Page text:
Senior Centers Visiting

Vantage Point: Senior Centers Offer More Than You Think

In my role at Health Alliance Medicare, I’ve had the pleasure to work with senior centers in Chelan, Grant, Douglas, and Okanogan counties.

The word “center” means a source of influence, action or force. The first senior center started in New York in 1943 to provide education and recreation. Today’s senior center is an oasis, providing familiarity in an ever-changing world for long-time members, while carefully evolving to attract the new energy and ideas of those aging in.

The senior centers I visit are very different. Some are limited on space. Others boast grand dining and dance halls. Some are open select days. Others host a full calendar of events.

Still, they all have people who go above and beyond to make life better—either working as staff or volunteering. It is remarkable how in even the smallest towns, senior center members share meals, dance or play cards. Gathering fills the centers’ walls with a camaraderie that is authentic and intoxicating.

Through senior centers visits, I have met those with cool confidence that only comes from experience. I have felt privileged to shake the hands of veterans from every branch of the military. I met a farmer turned cowboy poet. I enjoyed wonderful lunches with even more flavorful stories. I even met “Elvis” during one event—but was more inspired by the women who helped their friend dance without the use of her walker.

Before my visits, it is fair to say I had an old-fashioned idea of senior centers.

I realize now they are as diverse as the people who frequent them. Senior centers provide a space where everyday moments bring a sense of purpose, fulfillment and harmony. All share a common goal of helping people age gracefully and independently.

I believe they hold our communities’ richest treasures.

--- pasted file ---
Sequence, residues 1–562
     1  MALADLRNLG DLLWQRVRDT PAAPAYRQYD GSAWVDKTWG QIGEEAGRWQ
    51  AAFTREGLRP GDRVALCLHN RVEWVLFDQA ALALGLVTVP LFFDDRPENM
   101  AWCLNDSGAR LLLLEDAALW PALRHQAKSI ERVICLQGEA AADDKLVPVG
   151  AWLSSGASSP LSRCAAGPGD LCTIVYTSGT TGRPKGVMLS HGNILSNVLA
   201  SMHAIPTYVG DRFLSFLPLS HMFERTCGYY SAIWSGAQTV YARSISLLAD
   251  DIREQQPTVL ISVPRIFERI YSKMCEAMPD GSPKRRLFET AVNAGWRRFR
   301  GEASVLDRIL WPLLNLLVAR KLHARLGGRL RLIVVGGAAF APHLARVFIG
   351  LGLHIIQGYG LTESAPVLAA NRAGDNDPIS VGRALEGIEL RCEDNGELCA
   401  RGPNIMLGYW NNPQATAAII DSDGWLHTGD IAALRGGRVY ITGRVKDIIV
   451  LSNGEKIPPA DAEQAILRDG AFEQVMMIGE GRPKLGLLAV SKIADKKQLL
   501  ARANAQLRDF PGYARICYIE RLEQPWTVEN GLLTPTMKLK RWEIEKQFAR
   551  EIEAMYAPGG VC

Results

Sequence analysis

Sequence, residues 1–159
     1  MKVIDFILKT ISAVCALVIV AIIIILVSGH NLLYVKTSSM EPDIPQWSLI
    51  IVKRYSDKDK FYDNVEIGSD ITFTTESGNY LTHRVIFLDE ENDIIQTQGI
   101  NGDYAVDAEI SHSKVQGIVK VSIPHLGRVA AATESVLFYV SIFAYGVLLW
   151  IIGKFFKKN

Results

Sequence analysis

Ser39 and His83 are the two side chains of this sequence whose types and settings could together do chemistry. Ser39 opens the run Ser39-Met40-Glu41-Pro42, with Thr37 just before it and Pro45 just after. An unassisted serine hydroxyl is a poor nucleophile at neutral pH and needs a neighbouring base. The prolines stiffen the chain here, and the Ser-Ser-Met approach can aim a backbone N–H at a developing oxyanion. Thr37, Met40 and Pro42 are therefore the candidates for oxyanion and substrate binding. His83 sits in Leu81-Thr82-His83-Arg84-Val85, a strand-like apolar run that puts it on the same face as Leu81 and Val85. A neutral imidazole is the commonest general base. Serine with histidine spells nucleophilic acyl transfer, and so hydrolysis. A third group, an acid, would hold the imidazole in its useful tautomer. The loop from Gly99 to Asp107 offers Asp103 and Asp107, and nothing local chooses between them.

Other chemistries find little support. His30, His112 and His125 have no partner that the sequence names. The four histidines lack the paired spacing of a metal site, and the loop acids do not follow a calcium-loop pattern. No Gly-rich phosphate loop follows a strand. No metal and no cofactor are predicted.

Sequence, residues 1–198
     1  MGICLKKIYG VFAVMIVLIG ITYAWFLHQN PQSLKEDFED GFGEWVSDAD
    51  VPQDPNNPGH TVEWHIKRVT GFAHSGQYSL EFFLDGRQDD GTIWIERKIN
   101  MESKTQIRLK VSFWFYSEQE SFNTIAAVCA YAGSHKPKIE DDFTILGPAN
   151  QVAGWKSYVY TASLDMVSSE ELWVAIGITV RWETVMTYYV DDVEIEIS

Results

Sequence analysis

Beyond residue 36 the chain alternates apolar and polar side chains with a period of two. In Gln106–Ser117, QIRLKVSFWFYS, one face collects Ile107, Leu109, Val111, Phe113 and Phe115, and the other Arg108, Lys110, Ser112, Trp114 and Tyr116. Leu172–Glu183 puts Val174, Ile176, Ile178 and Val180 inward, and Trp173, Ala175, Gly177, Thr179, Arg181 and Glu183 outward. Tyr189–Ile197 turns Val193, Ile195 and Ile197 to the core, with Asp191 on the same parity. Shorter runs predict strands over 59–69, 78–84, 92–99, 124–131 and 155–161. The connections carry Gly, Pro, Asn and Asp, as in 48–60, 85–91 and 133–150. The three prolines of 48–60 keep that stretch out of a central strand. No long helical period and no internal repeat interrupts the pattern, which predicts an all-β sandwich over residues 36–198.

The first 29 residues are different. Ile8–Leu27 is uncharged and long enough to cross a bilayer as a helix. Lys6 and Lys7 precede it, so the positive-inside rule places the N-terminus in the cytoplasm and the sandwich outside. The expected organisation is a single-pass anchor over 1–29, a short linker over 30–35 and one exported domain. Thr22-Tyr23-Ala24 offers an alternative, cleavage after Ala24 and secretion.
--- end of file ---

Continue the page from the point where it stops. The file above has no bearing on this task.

The challenge is getting people to overcome perceptions and walk through the door. If you take those first steps, you might find a room full of friends you just hadn’t met yet.

Young Invincibles Growing Up

Young Invincibles Feel the Love for Health Insurance

Young Invincibles

Young invincibles are young, healthy, independent, and don’t have a lot of cash to throw around, but, like everyone else, they need help when it comes to:

  • Understanding their options under the new health care law
  • Choosing the plan that’s best for them
  • Listening to their mother

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Conventional Wisdom

All kidding aside, the conventional wisdom surrounding young invincibles in need of insurance isn’t so conventional, after all. Sure, they aren’t flocking to the exchanges in droves, but they aren’t avoiding them, either.

In fact, according to this article by Aaron Smith, co-founder and executive director of Young Invincibles, as well as this press release from his organization’s website, it seems these youngsters are signing up in numbers proportional to the overall population, and possibly even at a higher rate than their older and wiser counterparts.

So good job, Mom—it turns out you raised them right!

What’s the Deal?

This may be their first time around the health insurance block, but the appeal to reason, and their very limited budgets, is bringing youthful buyers to the table. One small car or bike accident, sports injury, or even a bad case of mono could add up to HUGE medical bills that a struggling student or first-rung employee could never afford.

While many feared the typical response to the pay premiums vs. pay a tax penalty debate would be to just pay the penalty, stats show many young invincibles can do the math:

Paying a penalty and all of their potential medical costs for a year is not a good deal.

Not so Invincible, After All

It’s important to note that young invincible isn’t a title these people gave themselves. Obviously, they’re well aware it’s a big, dangerous world out there, and the smart play is getting yourself covered.